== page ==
Chinese Cultural - Trenton Morrow EALC 120 AD7 TA Shimizu Tuesday 9:00am The Chinese Cultural Revolution and Its Effect on Class Structure China

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Trenton Morrow EALC 120 AD7 TA: Shimizu, Tuesday 9:00am 12/3/07 The Chinese Cultural Revolution and Its Effect on Class Structure China has always been plagued by gross inequalities in wealth and power. Throughout history and even to recent times the rural poor have constituted the majority of the Chinese population, resting at the bottom rung of the social ladder; even after the events of the Civil War and the establishment of the People's Republic, there were stark differences in quality of life across classes and regions. For many the promises of Communism went unfulfilled. Sensing this, Mao Zedong launched his Cultural Revolution in 1966 with the aims of eliminating class distinctions and privileges, and succeeded only in creating a new class structure based upon whether or not one came from a 'Red' or proletarian background, in addition to destroying many lives and damaging Chinese culture. At the outset of the Cultural Revolution, Chinese society became less inclusive of those from non-proletarian backgrounds. Many began to describe those descended from landlords, rich farmers, former Kuomintang, rightists and others as being part of the “Black Categories”, social classes to be shunned in the new Communist society. Similarly, those from poor peasant families or whose parents fought for the Communists during the civil war came to be part of the “Red Categories”, who would be free from purges and persecution. In Yu Hua's novel “To Live”, there are numerous depictions of the deprivations imposed of those from the Black Categories as well as the advantages of being from the Red Categories. Heritage was very important, regardless of one's current circumstance. The book's main character, Fugui, witnesses firsthand the dangers of being wealthy – the man who took his wealth through gambling was killed following the Communist revolution. 1
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At the heart of the Cultural Revolution were the Red Guards, mobilized by Mao at the early stages of the movement. Their membership was comprised mostly of students and young people and was restricted to those from peasant or proletarian backgrounds. They were entrusted with the duty of spurring revolution through smashing the “Four Olds” - Old Habits, Old Culture, Old Customs, and Old Ideas. The Communist Party set very loose guidelines in terms of classifying what was actually "old". As a result, anything that existed before 1949 was subject to being destroyed, including examples of centuries-old artwork. Anyone caught in possession "old goods" would suffer serious consequences from the Red Guards. Their efforts expanded into branding and labeling anyone with even the most remote connections to what might be seen as counter-revolutionary or capitalist. It was a very serious liability to be branded as descended from one of the Black Categories. Many of those in education, media, literature, and even the Party were attacked and punished by the Red Guards, who were given almost free reign to do as they wished. Gao Yuan chronicles his experiences as a Red Guard in his memoirs Born Red. He underscores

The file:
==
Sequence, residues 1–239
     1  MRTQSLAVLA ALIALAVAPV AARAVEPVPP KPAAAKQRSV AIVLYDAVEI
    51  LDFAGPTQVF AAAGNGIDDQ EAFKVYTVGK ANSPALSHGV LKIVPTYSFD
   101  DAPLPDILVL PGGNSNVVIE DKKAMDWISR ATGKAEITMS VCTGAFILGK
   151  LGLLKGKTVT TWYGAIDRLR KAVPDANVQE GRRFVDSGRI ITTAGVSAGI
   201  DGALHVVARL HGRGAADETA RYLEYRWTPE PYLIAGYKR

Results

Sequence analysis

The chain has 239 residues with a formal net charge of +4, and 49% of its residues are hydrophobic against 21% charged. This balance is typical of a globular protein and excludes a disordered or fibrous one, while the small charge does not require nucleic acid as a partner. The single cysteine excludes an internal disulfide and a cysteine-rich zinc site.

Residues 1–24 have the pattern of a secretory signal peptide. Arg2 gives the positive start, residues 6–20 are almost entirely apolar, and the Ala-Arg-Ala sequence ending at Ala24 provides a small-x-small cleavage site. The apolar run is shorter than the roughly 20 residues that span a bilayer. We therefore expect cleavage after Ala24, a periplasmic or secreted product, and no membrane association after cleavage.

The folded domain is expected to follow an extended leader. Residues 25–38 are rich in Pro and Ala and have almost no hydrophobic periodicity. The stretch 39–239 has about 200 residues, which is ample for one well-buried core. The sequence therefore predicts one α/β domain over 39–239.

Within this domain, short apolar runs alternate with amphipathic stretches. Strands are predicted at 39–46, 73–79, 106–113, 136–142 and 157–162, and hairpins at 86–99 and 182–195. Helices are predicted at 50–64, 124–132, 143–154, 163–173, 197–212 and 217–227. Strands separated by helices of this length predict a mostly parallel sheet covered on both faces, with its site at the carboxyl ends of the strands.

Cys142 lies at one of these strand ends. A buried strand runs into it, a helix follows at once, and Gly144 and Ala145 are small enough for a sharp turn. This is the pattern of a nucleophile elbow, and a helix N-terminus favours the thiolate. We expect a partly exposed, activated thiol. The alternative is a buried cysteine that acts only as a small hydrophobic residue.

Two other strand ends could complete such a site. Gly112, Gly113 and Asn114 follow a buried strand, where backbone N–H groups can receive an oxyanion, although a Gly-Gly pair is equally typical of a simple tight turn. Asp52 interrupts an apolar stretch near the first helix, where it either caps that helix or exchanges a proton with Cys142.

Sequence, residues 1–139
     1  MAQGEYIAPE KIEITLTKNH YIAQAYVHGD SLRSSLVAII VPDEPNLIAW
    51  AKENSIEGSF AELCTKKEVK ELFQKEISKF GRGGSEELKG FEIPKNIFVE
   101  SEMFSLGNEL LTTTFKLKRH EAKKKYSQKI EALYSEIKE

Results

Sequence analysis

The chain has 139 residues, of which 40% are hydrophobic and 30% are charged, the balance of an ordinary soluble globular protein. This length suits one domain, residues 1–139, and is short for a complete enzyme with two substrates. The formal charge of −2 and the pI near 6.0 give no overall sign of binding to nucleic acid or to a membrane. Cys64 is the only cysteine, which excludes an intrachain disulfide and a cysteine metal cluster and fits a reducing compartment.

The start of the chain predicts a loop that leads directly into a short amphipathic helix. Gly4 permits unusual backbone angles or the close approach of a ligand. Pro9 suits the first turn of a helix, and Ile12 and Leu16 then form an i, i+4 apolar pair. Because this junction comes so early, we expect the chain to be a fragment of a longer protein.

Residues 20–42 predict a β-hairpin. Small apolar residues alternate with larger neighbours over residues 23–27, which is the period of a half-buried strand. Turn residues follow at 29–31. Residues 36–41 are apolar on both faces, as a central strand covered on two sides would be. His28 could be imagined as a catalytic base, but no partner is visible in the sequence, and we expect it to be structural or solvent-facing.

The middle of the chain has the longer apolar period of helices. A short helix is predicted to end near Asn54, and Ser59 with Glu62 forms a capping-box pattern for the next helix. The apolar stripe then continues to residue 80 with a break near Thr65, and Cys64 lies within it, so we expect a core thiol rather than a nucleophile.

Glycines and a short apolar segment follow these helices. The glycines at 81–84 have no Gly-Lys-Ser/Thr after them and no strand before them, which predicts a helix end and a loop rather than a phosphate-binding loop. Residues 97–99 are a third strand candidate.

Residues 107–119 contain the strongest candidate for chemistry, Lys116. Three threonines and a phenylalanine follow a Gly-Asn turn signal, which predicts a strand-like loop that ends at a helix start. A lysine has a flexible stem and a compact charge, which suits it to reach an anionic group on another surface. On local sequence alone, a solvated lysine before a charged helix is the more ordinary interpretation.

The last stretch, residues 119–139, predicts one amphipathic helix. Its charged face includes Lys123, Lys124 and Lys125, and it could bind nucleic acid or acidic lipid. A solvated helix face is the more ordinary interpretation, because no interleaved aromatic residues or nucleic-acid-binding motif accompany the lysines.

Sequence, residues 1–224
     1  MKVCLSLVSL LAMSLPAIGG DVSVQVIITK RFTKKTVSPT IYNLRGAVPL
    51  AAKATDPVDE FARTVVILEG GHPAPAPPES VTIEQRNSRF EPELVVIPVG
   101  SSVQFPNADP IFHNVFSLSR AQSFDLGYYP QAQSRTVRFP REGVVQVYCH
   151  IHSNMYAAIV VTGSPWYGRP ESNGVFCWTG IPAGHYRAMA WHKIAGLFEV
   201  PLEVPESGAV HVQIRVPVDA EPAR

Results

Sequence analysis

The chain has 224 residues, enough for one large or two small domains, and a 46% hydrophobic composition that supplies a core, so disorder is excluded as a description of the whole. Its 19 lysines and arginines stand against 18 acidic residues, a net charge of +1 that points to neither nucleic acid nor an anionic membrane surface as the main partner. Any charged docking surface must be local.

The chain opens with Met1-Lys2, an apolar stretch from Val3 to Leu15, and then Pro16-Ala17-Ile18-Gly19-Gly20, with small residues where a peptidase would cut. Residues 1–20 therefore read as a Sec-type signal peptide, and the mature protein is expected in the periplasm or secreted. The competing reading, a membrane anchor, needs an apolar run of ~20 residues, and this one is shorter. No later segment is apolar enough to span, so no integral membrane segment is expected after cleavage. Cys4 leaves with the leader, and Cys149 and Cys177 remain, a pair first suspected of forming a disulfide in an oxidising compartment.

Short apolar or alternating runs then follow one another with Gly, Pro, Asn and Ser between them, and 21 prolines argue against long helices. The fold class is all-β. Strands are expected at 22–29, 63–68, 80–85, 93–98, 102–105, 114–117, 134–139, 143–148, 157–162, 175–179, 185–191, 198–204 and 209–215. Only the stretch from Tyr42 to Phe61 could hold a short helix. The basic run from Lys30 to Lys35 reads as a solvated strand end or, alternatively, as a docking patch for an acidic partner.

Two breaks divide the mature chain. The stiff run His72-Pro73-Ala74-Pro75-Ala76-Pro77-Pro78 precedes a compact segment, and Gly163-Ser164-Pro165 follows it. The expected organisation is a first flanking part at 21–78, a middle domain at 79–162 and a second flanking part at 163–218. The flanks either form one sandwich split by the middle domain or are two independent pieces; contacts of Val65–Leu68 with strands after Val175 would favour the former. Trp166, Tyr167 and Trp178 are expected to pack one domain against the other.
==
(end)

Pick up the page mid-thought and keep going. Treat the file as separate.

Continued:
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This note was uploaded on 04/13/2008 for the course HIST 120 taught by Professor Toby during the Spring '08 term at University of Illinois at Urbana–Champaign.

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Chinese Cultural - Trenton Morrow EALC 120 AD7 TA Shimizu Tuesday 9:00am The Chinese Cultural Revolution and Its Effect on Class Structure China

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